i am thinking there is a flaw in the ANSI code,
and this program demonstrates this 'flaw'.  when
the 'inverse' attribute is set on the ANSI color
string, the 'clear to EOL' ANSI string does so
without respect to the 'inverse' attribute.

for example:

NORMAL
Foreground=White
Background=Red
CLEAR-TO-EOL=Red Background.

INVERSE
Foreground=Red
Background=White
CLEAR-TO-EOL=Red Background.
(it makes more sense for CLEAR-TO-EOL
to make a White Background in this instance).

///////////////////////////////////////////////////////////////////////////////
int main            (int argc, char* argv[]) {

//         ESC  [     [at]  ;    3     [fg]  ;    4     [bg]  m
char a[]={ 0x1b,0x5b, 0x30, 0x3b,0x33, 0x37, 0x3b,0x34, 0x31, 0x6d };
char b[]={ 0x1b,0x5b, 0x31, 0x3b,0x33, 0x37, 0x3b,0x34, 0x31, 0x6d };
char c[]={ 0x1b,0x5b, 0x37, 0x3b,0x33, 0x37, 0x3b,0x34, 0x31, 0x6d };
char d[]={ 0x1b,0x5b, 0x30, 0x3b,0x33, 0x31, 0x3b,0x34, 0x37, 0x6d };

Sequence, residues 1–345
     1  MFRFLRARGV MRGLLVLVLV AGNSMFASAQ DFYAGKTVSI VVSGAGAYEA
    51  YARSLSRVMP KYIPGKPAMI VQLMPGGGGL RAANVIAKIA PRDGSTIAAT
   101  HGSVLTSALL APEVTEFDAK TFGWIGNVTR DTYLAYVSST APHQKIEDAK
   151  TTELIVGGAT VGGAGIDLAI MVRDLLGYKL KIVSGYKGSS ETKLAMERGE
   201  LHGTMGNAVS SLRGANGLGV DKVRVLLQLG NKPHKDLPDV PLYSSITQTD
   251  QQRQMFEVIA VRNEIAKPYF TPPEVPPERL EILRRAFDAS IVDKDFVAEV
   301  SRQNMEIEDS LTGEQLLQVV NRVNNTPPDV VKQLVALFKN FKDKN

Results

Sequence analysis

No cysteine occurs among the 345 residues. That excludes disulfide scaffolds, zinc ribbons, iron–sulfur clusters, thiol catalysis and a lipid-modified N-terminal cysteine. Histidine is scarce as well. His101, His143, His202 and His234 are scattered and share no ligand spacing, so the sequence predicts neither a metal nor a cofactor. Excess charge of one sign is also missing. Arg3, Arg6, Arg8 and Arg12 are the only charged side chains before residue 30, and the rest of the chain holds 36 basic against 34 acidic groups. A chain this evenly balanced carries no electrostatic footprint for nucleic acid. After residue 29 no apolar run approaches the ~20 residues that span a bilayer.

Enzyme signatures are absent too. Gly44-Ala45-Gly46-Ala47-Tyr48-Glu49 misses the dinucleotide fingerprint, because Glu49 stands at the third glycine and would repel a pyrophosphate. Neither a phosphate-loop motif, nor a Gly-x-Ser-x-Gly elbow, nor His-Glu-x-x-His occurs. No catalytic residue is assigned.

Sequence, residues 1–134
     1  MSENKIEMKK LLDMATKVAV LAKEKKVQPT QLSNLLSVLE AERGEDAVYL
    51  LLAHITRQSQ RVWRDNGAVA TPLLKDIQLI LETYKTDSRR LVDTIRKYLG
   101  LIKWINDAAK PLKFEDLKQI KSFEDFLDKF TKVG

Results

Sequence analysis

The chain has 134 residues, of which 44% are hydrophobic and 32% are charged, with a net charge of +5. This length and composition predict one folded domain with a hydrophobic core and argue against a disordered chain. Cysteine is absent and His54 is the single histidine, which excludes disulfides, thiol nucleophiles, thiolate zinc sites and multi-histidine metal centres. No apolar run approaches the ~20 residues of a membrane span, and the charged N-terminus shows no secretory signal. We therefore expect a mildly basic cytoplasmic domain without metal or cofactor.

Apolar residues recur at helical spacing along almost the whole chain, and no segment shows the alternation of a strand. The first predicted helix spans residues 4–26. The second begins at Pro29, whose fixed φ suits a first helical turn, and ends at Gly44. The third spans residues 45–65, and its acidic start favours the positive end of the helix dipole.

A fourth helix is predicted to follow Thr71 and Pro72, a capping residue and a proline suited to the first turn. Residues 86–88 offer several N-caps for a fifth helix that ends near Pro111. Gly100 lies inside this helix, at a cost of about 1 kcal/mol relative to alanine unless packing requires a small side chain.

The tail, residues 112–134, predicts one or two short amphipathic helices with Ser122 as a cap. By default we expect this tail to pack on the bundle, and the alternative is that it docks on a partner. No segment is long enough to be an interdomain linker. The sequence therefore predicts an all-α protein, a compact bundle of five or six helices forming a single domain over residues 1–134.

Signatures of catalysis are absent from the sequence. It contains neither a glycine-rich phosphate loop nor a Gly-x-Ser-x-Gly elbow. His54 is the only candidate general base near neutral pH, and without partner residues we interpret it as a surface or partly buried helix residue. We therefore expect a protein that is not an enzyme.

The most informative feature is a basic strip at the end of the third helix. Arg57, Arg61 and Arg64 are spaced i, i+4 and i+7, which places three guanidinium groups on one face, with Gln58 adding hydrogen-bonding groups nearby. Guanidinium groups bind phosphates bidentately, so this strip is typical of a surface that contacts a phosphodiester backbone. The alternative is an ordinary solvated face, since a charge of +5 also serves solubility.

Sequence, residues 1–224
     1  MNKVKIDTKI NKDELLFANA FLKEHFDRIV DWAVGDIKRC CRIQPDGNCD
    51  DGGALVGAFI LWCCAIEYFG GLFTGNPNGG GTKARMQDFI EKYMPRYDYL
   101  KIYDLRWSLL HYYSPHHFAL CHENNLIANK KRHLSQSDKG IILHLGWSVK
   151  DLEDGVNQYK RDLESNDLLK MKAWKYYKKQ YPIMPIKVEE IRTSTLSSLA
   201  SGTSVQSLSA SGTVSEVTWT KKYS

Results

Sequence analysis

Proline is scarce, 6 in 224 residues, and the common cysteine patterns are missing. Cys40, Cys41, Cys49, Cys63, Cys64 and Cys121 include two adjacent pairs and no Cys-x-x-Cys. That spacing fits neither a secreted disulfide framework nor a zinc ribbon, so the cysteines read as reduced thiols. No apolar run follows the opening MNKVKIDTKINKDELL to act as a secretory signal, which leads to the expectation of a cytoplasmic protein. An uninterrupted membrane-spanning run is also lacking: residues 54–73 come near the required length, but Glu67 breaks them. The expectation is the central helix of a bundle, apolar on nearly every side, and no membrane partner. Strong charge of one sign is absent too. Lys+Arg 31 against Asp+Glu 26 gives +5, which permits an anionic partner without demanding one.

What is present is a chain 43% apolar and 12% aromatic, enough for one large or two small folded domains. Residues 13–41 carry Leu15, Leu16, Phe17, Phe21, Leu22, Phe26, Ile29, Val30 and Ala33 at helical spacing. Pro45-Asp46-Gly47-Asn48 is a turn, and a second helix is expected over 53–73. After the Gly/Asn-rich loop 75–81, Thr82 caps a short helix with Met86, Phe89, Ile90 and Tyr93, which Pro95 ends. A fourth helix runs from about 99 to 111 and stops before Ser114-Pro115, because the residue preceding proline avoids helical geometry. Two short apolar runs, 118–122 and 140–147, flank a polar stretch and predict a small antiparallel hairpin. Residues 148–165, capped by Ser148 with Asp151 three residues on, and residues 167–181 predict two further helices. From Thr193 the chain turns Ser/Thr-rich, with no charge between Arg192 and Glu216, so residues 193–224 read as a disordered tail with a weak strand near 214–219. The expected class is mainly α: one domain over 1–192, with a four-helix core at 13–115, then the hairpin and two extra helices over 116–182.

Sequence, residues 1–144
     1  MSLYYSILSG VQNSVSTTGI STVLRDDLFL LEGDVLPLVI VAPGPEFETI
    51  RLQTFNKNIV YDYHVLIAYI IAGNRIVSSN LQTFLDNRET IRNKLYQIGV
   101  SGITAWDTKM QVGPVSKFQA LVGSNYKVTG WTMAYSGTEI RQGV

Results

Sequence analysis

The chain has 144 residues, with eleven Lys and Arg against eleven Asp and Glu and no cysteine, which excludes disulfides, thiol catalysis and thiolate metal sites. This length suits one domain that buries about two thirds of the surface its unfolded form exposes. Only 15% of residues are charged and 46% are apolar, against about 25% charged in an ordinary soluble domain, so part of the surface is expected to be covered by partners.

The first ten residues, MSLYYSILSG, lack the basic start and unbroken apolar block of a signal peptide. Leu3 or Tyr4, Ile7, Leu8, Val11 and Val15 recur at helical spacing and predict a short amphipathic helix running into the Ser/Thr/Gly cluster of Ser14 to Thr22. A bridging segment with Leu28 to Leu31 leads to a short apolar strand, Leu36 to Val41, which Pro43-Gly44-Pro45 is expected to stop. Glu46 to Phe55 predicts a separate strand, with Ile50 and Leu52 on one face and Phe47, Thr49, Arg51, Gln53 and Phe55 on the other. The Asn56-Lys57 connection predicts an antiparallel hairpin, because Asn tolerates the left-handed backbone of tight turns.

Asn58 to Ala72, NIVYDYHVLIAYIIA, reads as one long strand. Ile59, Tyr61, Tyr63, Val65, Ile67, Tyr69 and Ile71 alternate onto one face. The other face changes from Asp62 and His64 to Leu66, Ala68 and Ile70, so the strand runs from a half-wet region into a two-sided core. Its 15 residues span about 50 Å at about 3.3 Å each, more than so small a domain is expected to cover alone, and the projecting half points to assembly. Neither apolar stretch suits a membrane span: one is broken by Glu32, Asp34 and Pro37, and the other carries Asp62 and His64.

char e[]={ 0x1b,0x5b, 0x31, 0x3b,0x33, 0x31, 0x3b,0x34, 0x37, 0x6d };
char f[]={ 0x1b,0x5b, 0x37, 0x3b,0x33, 0x31, 0x3b,0x34, 0x37, 0x6d };

char k[]={ 0x1b,0x5b,0x4b }; // clear to EOL ...

char* s="0123456789";

write(STDO, a, 10); write(STDO, k,  3); write(STDO, s, 10); printf("\n");
write(STDO, b, 10); write(STDO, k,  3); write(STDO, s, 10); printf("\n");
write(STDO, c, 10); write(STDO, k,  3); write(STDO, s, 10); printf("\n");
write(STDO, d, 10); write(STDO, k,  3); write(STDO, s, 10); printf("\n");
write(STDO, e, 10); write(STDO, k,  3); write(STDO, s, 10); printf("\n");
write(STDO, f, 10); write(STDO, k,  3); write(STDO, s, 10); printf("\n");

// 'c' and 'f' do not "inverse" the "clear to EOL" ...

exit(0); }
///////////////////////////////////////////////////////////////////////////////
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